Using Image Processing to Gain Superhero Vision
By Mark Ciotola
First published on August 24, 2019. Last updated on February 20, 2021.
- Students will learn visual concepts and what can be achieved through image processing, such as bringing out hard-to-see text and details of documents and photographs.
Image processing involves analyzing and altering images, typically photographs. Images can involve billions of pixels, so having automated techniques to process and analyze images is invaluable. Images can be analyzed to search for certain features, such as structures, or materials. Several ancient complexes have been discovered by image analysis. It is possible to search some images for certain types of minerals or plants.
There can be several challenges to image processing and analysis.
- Images might be blurry or out of focus.
- Part of the image might be missing or faded.
- The image might have become color distorted.
- The image might not have the required color information.
- Photos may have been taken at angles that make the subject difficult to view.
- You don’t really know what your are looking for, or even if you do, what t looks like.
Suitable Image File Types
There are several common image file types:
- JPEGs (or JPGs) are well-suited for photographs and offer the benefit of compression. This allows for reduced file size and faster loading. JPEGs also offer a wide range of colours.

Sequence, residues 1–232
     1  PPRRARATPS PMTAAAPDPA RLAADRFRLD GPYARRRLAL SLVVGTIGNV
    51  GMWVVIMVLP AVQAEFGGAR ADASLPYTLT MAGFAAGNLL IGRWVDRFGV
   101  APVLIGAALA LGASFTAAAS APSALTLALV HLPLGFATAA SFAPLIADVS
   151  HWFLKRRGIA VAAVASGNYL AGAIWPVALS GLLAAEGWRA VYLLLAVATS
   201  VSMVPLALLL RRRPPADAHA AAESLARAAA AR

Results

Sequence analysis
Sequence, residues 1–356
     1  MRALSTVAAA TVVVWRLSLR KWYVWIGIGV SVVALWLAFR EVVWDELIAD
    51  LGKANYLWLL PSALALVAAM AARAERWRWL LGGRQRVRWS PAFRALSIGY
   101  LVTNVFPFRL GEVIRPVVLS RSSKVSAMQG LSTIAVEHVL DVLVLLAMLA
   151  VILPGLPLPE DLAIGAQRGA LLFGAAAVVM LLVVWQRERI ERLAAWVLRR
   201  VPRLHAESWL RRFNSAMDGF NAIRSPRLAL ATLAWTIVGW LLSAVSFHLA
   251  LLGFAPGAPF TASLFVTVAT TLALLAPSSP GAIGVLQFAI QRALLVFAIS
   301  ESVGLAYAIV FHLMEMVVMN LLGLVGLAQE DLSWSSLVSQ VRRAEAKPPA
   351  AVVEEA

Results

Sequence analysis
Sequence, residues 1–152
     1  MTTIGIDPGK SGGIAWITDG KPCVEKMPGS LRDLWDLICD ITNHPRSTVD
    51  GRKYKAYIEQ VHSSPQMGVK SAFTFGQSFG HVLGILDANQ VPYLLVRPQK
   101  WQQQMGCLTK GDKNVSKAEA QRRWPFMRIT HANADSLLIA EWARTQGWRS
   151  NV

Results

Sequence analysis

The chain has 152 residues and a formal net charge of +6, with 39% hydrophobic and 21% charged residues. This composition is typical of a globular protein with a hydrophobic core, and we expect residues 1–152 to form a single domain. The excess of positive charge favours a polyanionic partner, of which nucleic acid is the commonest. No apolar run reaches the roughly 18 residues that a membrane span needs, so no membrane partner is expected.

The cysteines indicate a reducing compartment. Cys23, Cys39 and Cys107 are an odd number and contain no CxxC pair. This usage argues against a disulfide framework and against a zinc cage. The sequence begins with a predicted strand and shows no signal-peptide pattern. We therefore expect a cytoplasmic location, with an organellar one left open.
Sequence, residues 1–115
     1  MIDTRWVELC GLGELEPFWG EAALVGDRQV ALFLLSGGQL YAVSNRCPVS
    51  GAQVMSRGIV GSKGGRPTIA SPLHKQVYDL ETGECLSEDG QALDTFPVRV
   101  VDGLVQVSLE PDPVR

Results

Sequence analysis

- GIFs are well-suited for line drawings with basic colours, as well as simple animations (known as animated GIFs), although the PNG format handles these sufficiently. GIFs are not well-suited to display a rich range of colors.
- The PNG format is well suited for many types of graphics and is the default when creating certain graphics on OSX such as screenshots. Most newer versions of MS Windows can view PNGs, although some older versions cannot.
- SVG code is used to generate images.
Processing with Python
Several image processing libraries have been written for the Python programming language. Using functions from those libraries, it is easy to examine single colors from an image, or even subtract one color from another, in order to highlight various features, such as vegetation or buildings. Below are examples of a raw image and images processed in Python.
Hyperspectral analysis involves taking images in many different wavelengths instead of the simple red green blue (RGB) of most cameras. The wavelengths for each pixel are plotted to produce a spectral signature for each point. Those signatures are then compared to libraries of material signatures to identify specific substances, plants, or organisms.
Special images and software are required. The TNTmips is a free software program that includes a hyperspectral analysis component as well as a dedicated tutorial.